New Filing Dates for Certain Information Returns


By Carolyn Graham

Although Congress extended, or made permanent, various favorable provisions of the tax law through the Protecting Americans from Tax Hikes Act of 2015, (“PATH Act”), the PATH Act also included some less-favorable changes for businesses and employers regarding certain information reporting.

Filing Date Requirements for Forms W-2 (Wage and Tax Statement), W-3 (Transmittal of Wage and Tax Statement) and Form 1099 for Reporting Non-Employee Compensation

One change is related to the filing date requirements for Forms W-2 (Wage and Tax Statement), W-3 (Transmittal of Wage and Tax Statement), and Form 1099 for reporting non-employee compensation. These forms will now have to be filed with the Social Security Administration, on or before January 31, in the year following the calendar year to which the returns relate, with no extensions for electronically submitted forms. This new provision will first apply to returns required to be filed after December 31, 2016.  Forms required to be filed for payments made in 2015 will still be due by February 29, 2016, and by March 31, 2016 for electronically submitted forms. The new January 31 filing date will be consistent with the date that the forms are required to be provided to the payees.  

These changes in filing requirements are the response from the Internal Revenue Service (“IRS”) and Congress to the growing threat of refund fraud and identity theft.  In the past, the IRS has had to process some returns, and issue refunds, based on information that the taxpayer provided without having all of the third-party payer information to match with the returns. This opened up the possibility that some filers could fraudulently, or erroneously, report income information. However, with the change to the January 31 filing due date, the information will be available for comparison to that which was reported on tax returns much sooner, thereby, reducing processing time and reducing the risk of fraudulent tax refunds.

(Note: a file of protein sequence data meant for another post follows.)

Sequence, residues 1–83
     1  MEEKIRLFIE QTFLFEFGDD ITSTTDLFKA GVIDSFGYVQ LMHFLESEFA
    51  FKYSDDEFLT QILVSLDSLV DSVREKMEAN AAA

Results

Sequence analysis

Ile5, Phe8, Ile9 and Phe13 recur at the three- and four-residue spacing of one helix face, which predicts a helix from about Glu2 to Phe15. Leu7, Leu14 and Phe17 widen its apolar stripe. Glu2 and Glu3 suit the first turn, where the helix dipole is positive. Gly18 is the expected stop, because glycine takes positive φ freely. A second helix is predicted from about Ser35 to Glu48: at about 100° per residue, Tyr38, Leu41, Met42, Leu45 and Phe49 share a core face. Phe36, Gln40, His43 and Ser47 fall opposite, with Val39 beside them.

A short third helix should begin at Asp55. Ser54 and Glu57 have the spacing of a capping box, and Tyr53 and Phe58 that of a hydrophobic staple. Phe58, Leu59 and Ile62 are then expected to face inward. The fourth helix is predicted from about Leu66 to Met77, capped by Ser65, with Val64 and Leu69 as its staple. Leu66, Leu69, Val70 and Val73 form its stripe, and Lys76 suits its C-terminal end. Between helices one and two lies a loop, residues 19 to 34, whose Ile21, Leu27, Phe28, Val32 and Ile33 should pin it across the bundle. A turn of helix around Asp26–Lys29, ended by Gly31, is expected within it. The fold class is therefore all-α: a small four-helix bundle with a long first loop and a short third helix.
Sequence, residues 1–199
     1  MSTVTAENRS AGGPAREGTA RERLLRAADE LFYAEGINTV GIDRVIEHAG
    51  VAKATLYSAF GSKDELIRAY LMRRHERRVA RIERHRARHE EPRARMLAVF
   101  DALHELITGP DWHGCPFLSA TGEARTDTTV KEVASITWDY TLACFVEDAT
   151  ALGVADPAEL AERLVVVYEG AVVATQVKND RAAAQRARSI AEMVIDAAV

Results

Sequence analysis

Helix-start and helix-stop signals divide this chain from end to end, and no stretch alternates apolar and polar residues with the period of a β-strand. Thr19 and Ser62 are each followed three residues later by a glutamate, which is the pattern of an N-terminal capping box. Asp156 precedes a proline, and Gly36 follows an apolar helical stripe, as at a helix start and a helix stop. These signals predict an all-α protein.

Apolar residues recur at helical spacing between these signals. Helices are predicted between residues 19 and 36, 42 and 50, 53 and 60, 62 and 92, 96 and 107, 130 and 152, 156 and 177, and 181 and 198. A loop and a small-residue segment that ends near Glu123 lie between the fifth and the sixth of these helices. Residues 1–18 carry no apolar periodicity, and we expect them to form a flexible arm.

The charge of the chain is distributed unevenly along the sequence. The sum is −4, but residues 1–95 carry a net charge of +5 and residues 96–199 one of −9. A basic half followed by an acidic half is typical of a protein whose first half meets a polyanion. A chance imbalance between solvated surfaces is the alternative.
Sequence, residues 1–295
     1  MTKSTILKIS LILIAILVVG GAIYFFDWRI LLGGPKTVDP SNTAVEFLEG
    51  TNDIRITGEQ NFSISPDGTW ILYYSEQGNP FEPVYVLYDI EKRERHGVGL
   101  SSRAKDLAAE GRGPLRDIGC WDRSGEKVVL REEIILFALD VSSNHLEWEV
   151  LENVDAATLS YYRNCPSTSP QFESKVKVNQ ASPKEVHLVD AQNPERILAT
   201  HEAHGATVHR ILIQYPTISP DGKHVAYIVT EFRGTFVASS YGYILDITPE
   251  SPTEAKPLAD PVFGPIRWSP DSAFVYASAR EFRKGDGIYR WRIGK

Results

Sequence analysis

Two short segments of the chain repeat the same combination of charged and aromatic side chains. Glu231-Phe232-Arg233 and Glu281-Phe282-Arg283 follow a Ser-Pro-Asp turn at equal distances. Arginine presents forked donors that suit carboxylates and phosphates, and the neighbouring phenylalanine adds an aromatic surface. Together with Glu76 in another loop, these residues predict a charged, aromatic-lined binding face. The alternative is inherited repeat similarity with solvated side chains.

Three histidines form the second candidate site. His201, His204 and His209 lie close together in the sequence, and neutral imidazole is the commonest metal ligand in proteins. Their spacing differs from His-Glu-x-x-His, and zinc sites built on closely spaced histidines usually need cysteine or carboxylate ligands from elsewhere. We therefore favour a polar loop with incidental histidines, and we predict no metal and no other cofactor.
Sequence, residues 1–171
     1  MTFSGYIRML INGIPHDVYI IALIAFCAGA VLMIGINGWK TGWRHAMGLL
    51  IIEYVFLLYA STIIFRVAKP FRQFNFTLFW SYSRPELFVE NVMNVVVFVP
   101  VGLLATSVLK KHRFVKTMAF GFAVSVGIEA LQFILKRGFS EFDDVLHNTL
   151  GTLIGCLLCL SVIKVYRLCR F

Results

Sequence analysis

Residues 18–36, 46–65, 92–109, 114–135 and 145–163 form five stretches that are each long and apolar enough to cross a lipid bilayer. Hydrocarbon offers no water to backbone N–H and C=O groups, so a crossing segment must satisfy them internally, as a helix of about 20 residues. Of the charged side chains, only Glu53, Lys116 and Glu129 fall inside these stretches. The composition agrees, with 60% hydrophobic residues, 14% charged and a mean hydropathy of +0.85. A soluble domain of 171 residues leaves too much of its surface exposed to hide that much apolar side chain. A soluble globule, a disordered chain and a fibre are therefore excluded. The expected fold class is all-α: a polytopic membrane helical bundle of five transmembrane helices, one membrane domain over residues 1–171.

Contact us if you have questions regarding your tax returns and visit the Schneider Downs tax blog for similar articles.

Material discussed is meant for informational purposes only, and it is not to be construed as investment, tax, or legal advice. Please note that individual situations can vary. Therefore, this information should be relied upon when coordinated with individual professional advice.

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